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Not for salvation!!! NO! God did not choose who will go to heaven and who will go to hell. Stop twisting the verses. God knowing is NOT God choosing!! That is not God, He said He wishes that none will perish you are making God a liar and a monster. No different than the Nazi's, you go in this line, you go in that line. Why, because I don't like the look of your face today. NO, NO,NO!! That is not God !! God loves the sinner and is married to the backslider, you do not know the truth, and it's right in front of your face!!!
3 Blessed [be] the God and Father of our Lord Jesus Christ, who hath blessed us with all spiritual blessings in heavenly [places] in Christ:
4 According as he hath chosen us in him before the foundation of the world, that we should be holy and without blame before him in love:
 

notmyown

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John 3: 16 For God so loved the world that He gave His only begotten Son, that whoever believes in Him should not perish but have everlasting life. 17 For God did not send His Son into the world to condemn the world, but that the world through Him might be saved.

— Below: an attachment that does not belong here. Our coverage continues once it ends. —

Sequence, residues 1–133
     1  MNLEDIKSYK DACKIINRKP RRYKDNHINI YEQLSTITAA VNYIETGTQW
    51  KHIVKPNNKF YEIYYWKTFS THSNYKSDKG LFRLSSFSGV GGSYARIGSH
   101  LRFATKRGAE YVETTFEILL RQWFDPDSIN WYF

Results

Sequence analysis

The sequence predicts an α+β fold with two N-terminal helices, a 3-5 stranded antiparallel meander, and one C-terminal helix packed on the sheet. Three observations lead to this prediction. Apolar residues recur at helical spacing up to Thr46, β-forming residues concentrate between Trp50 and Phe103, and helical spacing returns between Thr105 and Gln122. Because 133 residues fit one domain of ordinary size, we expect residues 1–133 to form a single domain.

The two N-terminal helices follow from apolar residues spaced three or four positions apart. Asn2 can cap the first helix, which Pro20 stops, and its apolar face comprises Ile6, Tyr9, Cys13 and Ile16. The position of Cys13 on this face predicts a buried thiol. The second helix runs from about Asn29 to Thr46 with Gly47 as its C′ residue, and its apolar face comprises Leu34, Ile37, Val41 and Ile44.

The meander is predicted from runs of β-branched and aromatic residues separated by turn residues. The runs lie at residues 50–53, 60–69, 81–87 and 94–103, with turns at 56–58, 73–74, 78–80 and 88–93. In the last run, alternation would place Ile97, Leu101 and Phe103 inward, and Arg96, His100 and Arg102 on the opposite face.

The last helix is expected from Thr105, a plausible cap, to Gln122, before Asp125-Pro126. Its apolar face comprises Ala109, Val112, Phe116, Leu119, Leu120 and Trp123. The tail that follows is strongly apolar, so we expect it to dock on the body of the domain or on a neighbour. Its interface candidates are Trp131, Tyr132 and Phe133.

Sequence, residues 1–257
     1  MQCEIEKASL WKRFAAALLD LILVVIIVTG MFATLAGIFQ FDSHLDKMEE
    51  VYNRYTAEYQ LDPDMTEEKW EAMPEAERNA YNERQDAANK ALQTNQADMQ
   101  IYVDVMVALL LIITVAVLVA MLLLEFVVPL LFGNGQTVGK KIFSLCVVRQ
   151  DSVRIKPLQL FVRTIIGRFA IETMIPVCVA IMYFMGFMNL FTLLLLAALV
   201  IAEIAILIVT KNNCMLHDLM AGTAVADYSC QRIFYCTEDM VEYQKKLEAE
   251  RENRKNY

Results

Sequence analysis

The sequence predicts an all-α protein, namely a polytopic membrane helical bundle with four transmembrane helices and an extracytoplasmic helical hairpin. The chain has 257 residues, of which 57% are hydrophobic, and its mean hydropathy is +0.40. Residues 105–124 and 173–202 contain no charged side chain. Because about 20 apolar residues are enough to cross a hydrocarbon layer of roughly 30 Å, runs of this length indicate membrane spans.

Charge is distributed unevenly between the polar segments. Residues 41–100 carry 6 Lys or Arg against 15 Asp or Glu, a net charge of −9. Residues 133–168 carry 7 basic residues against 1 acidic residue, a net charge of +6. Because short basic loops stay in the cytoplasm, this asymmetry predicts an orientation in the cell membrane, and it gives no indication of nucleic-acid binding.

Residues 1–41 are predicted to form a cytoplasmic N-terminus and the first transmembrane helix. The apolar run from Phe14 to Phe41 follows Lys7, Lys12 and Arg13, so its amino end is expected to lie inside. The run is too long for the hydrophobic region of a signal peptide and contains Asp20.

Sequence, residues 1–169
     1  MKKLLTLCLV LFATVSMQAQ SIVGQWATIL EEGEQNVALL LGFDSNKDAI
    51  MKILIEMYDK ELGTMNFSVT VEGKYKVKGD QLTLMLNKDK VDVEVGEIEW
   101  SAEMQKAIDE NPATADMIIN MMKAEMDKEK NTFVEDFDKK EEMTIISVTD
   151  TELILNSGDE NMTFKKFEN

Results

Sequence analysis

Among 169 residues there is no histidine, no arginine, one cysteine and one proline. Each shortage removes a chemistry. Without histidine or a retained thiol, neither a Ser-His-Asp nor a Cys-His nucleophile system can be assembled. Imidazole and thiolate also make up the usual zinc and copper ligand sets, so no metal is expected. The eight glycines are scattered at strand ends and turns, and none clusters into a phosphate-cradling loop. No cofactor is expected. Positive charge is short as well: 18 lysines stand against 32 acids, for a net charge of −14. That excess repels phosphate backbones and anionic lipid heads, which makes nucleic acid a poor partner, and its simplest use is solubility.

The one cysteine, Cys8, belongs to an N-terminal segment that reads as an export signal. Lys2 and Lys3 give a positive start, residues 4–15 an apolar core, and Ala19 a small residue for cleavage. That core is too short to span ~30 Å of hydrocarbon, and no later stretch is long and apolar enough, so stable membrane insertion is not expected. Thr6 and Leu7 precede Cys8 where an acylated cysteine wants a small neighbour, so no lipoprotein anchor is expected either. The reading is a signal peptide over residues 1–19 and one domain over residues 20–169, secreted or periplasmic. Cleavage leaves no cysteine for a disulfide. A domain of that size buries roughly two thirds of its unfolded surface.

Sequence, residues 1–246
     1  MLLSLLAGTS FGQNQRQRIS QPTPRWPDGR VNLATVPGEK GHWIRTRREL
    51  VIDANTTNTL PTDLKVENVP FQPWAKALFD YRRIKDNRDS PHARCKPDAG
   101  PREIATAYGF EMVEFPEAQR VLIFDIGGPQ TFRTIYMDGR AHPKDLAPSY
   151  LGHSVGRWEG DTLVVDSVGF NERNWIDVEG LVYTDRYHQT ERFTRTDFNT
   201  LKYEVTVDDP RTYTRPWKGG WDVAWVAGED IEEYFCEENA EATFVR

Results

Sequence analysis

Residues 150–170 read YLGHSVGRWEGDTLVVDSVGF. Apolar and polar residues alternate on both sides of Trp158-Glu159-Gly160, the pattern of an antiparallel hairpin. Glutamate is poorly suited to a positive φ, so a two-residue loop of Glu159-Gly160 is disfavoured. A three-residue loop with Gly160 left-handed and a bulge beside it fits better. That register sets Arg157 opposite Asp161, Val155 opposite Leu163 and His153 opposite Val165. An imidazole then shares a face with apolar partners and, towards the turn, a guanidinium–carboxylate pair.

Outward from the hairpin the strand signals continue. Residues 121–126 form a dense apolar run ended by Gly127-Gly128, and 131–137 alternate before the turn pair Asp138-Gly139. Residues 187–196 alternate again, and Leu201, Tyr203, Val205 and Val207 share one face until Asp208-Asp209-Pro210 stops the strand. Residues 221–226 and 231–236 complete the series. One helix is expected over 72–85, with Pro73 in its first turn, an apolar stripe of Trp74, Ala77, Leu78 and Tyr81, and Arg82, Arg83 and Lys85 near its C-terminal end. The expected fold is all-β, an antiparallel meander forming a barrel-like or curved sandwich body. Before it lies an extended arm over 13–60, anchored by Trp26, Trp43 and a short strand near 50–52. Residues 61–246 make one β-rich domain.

1 John 2: 2 And He Himself is the propitiation for our sins, and not for ours only but also for the whole world.

You tell me.. What did Jesus mean. In jesus own words
with respect, brother, as i know you get quite passionate about these things... :)

you can't legitimately use Jn 3:16 to make your point. it's telling you in what manner God loved the world, and since you included v. 17, you have to see that "that the world through Him might be saved", well, obviously everyone in human history isn't saved.

1 Jn 2:2 says what it says, so there's a point in your favor, lol.

but there are other verses, like

so Christ, having been offered once to bear the sins of many, will appear a second time, not to deal with sin but to save those who are eagerly waiting for him. (Heb 9:28)